Professor Amy de la Haye
Professor Amy de la Haye is a curator, academic and author. She is the Rootstein Hopkins Chair of Dress History & Curatorship at London College of Fashion and teaches on the MA Fashion Curation course.
As a student studying design history at Brighton University, I was utterly inspired by Professor Lou Taylor’s dress history classes. At the Royal College of Art I obtained an MA in Cultural History by writing a 40,000 word thesis on the women’s ready-to-wear fashion industry in Britain in the 1920s and ‘30s. I subsequently taught, worked as a researcher for the BBC’s dress history series Through the Looking Glass (1989) and worked part-time as Assistant Curator at Hove Museum. From 1991 to 1999 I was employed as Curator of 20th Century Dress at the Victoria & Albert Museum, where I curated two major exhibitions - Streetstyle: From Sidewalk to Catwalk (1994) and The Cutting Edge: 50 Years of British Fashion (1997) and a number of smaller shows.
Since 2000 (when I joined LCF one day a week) my diverse curated exhibitions have included, The Messel Family Dress Collection: 5 generations of Dress (with Lou Taylor and Eleanor Thompson, Brighton Museum); Liberace’s Stage Costumes (Selfridges, Oxford Street); Catherine Walker: A British Couturière (V&A); Carnaby Street: 50 (with Judith Clark, Carnaby Street) and a uniform based exhibition called The Land Girls: Cinderellas of the Soil at Brighton Museum. My most recently curated exhibition is Coco Chanel: A New Portrait by Marion Pike (Fashion Space Gallery at London College of Fashion and Palazzo Morando, Milan, 2013-14). My practice and teaching are united by my emphasis on telling stories with objects.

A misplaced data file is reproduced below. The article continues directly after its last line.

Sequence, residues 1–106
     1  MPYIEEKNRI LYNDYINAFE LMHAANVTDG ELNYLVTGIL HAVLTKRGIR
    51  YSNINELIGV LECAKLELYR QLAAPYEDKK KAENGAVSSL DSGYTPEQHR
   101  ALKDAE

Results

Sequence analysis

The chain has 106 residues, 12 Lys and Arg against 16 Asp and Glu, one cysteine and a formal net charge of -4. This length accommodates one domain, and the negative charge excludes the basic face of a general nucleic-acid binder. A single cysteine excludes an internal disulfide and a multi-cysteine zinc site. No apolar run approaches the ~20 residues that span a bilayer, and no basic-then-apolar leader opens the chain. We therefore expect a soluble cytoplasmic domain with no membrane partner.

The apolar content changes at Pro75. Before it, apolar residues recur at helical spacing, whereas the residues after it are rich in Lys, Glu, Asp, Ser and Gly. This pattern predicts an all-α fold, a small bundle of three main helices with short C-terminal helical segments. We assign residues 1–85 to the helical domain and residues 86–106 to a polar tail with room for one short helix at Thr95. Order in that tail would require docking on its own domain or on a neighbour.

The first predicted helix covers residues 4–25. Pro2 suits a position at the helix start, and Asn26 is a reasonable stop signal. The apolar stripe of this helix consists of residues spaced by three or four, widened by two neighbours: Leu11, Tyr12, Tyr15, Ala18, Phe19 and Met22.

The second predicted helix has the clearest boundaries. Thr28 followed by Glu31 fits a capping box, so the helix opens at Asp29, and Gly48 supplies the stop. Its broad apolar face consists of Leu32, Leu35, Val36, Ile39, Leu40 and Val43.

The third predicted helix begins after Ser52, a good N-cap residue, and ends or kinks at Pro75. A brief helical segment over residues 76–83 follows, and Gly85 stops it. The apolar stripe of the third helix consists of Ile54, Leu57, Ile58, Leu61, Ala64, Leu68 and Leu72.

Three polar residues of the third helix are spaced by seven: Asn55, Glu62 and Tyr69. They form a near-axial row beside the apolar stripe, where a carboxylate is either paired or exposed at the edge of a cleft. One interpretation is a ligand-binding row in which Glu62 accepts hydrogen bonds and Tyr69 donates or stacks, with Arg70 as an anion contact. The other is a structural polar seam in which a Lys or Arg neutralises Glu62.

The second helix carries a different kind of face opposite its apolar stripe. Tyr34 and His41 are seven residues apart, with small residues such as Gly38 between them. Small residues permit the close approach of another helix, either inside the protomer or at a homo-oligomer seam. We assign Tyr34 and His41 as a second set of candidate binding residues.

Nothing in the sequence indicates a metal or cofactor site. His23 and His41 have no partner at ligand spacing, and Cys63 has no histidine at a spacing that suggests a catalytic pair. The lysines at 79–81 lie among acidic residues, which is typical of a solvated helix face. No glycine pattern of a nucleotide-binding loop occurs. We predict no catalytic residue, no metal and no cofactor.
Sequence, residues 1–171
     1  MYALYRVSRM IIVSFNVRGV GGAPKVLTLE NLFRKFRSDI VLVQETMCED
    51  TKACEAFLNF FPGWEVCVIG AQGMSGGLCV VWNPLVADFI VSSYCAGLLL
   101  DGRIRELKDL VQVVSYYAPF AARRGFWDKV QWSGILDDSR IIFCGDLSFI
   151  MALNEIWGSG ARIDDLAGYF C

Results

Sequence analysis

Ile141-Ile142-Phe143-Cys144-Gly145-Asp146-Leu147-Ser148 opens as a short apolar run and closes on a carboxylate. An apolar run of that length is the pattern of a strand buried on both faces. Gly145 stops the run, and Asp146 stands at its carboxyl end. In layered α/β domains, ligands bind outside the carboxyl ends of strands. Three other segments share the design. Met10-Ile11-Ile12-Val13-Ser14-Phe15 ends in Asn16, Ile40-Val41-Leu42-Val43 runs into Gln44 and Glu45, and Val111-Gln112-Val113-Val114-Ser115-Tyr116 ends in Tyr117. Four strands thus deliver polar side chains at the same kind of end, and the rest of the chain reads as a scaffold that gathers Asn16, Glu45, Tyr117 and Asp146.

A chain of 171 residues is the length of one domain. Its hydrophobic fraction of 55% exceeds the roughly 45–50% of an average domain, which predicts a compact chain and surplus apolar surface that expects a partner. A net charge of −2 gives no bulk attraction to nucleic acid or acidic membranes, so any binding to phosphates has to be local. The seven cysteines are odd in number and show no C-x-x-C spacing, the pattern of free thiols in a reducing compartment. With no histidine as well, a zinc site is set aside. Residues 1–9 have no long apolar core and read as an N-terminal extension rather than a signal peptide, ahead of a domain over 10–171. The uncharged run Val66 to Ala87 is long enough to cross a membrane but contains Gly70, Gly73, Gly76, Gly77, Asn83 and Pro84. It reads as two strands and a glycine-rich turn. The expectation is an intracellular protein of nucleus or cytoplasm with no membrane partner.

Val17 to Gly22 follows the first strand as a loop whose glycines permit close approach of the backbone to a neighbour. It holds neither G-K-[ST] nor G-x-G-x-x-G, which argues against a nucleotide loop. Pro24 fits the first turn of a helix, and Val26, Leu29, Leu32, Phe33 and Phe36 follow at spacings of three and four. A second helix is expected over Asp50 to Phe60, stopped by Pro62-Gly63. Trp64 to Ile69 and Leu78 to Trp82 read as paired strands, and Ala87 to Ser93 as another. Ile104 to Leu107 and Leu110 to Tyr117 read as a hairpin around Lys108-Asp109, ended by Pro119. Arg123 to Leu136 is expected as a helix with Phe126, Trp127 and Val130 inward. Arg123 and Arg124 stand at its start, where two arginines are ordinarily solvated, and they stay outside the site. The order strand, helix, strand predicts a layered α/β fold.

Amy has also written two children's books, Clara Button and the Magical Hat Day (2012) and Clara Button and the Wedding Day Surprise (2013), illustrated by Emily Sutton and published by the V&A.
What makes MA Fashion Curation unique?
MA Fashion Curation is unique: there is no comparable course. It is an academic course with a strong practice component and it attracts students from diverse subject disciplines and occupations. Our alumni now have jobs at the V&A, Somerset House, the Fan Museum, the British Council, the Simone Handbag Museum in Seoul (curated by Judith Clark) and work as successful freelance curators, archivists, writers, stylists and photographers.
What key advice would you give to someone applying for the course?
I would recommend that potential students visit as many museums and exhibitions as possible and develop a critical vocabulary to review them.